Come, we are going for our people!” These are the last recorded words of Saint Teresia Benedicta of the Cross, known outside her Carmelite cloister as Edith Stein — words spoken before she died in the gas chamber that has come to symbolize the ultimate unreason of the twentieth century.
The words were addressed to her blood sister Rosa, and were heard in the Carmel of Echt in Holland, where “this eminent daughter of Israel,” as Pope John Paul II has called her, had been sent by her superiors in an effort to save her from the Nazi persecution of the Jews.
Even before her canonization on Oct. 11 of this year, many things had been written to extol the genius and the grace of Edith Stein, a woman who fulfilled in the Church the vocations of philosopher, Carmelite nun, and martyr. Her last words merit special attention.
“Come, we are going for our people!” Who are the “people” to whom Saint Teresia Benedicta refers? — the people of Israel, of course, God's people, as the Church professes. Lumen gentium (no. 9) makes the point explicitly when it affirms that God chose this race (plebem israeliticam) and constituted them into his People (sibi in populum elegit).
When God made Israel his people, he also revealed a plan for our salvation. God does not want to save us as individuals, but as a people. So he creates a people destined to know him and love him in this life and to rejoice with him for all eternity.
This is a great mystery of faith, where modern political notions can be misleading. When the framers of the American Constitution wrote, “We, the People,” they adopted a view about human solidarity that depends more on the Enlightenment than on Exodus. Democracies are self-constituting, insofar as many come together to form a union.
The People of God, on the other hand, exists only because God first chose to constitute us into a people. Historically, this divine election rested first on the People of Israel, and so Edith Stein could go forth heroically from her Carmel cloister in their name.
The Church is not a democracy. This flat assertion is not motivated by a preference for some other kind of political organization with which to compare the Church. That would only invite ideological bickering. The truth is deeper than imagery.
The Church is not a democracy because the People of God are powerless to constitute themselves. How could they? Only God can establish a people as his very own. The difference is so great that the Greek language uses two different words: the people who make up a democratic regime are the demos, and the People that belongs to God are a laios. It is easy to remember. Democracy means the exercise of power by the many, whereas the People of God means forming one Body under Christ's Headship.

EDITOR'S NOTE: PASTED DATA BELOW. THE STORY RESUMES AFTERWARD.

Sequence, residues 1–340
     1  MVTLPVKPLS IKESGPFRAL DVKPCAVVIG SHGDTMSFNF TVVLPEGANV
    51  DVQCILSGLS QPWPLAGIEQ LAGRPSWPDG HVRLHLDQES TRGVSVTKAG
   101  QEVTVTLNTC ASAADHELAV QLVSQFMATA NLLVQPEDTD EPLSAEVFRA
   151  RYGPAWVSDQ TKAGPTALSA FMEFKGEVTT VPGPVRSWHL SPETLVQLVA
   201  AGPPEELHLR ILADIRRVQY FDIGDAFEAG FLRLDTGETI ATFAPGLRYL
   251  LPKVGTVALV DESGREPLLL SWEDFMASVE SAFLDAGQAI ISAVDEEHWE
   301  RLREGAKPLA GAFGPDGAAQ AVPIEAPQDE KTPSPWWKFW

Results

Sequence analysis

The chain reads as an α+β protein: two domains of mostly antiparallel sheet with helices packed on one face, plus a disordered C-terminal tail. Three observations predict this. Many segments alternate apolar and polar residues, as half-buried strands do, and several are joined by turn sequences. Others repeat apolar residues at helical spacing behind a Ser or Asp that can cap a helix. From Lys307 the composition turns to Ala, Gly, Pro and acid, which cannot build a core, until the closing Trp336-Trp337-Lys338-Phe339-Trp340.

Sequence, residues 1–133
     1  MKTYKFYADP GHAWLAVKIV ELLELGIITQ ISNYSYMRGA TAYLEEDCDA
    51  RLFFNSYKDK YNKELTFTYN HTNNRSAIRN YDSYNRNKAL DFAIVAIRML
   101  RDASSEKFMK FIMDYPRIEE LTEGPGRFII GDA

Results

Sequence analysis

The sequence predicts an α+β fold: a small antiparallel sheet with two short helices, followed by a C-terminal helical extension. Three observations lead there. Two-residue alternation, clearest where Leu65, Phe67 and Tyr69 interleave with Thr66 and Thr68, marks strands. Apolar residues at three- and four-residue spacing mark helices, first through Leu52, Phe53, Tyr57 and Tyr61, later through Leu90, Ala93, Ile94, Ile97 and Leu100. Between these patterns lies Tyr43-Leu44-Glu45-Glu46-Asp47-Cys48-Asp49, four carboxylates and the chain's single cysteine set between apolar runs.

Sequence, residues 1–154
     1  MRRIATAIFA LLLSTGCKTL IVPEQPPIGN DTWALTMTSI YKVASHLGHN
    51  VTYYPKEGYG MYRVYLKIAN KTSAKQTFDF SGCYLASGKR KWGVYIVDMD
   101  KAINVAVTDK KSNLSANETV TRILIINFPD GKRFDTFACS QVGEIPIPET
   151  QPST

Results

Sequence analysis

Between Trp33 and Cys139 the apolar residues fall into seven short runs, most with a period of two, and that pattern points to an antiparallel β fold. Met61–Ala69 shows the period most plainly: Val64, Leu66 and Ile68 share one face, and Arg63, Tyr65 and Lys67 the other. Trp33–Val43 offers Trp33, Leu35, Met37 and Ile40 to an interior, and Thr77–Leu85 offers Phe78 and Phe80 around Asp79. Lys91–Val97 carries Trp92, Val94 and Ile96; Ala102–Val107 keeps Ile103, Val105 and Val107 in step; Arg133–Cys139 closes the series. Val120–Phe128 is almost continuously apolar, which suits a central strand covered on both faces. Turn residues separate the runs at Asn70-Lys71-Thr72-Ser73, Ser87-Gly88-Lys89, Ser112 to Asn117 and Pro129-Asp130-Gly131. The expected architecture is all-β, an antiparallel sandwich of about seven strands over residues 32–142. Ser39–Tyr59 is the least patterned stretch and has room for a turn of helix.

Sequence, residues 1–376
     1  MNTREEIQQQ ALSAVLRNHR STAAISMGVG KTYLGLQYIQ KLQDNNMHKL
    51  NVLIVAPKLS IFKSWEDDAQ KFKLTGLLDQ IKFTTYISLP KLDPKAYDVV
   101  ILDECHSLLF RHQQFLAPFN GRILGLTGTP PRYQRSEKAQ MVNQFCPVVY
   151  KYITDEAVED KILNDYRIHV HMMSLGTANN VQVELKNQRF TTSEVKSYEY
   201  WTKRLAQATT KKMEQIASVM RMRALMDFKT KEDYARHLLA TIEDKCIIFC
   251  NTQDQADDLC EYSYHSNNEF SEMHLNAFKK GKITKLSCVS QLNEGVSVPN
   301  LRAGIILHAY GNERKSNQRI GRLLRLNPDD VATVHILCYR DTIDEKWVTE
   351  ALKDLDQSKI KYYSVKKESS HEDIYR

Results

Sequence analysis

God's election of Israel as God's People has not been annulled; Saint Paul makes this clear. And Edith Stein gives eloquent testimony about what remained for her a singular mystery of faith. Aware of the implications of her Jewish origins, she still proclaimed that beneath the Cross she came to understand the destiny of God's people.
The Cross of Christ makes out of both Jew and gentile members of the new People of God. The first letter of Peter affirms this heritage that belongs to all who believe: we are “a chosen race, a royal priesthood, a holy nation, God's own People” (1 Peter 2:9).
The same biblical text reminds us of something else. God is not obliged to constitute us as his people. Indeed, the New Testament forcefully reminds the Christian believer: “Once you were no people, but now you are God's people (1 Peter 2:10). This admonition should make us attentive to the privilege that God communicates to us in Christ.
We should never take for granted our status as God's people. The main responses to our election as God's people must be praise and gratitude. But we should also remember humility. We belong to God's own people, one that he creates out of many peoples. We call this people the Body of Christ. And membership in this people is a gift — never a right, still less a burden.
The Holy Father has repeatedly invited every member of the Church to take up his or her vocation to holiness with seriousness. Sanctity is never found apart from humility. Saint Teresia Benedicta of the Cross reminds us that a Christian vocation can even lead to imitation of the ultimate humility of the One who came to serve, not to be served, and to give his life for the many.
Dominican Father Romanus Cessario is a senior writer for the Register.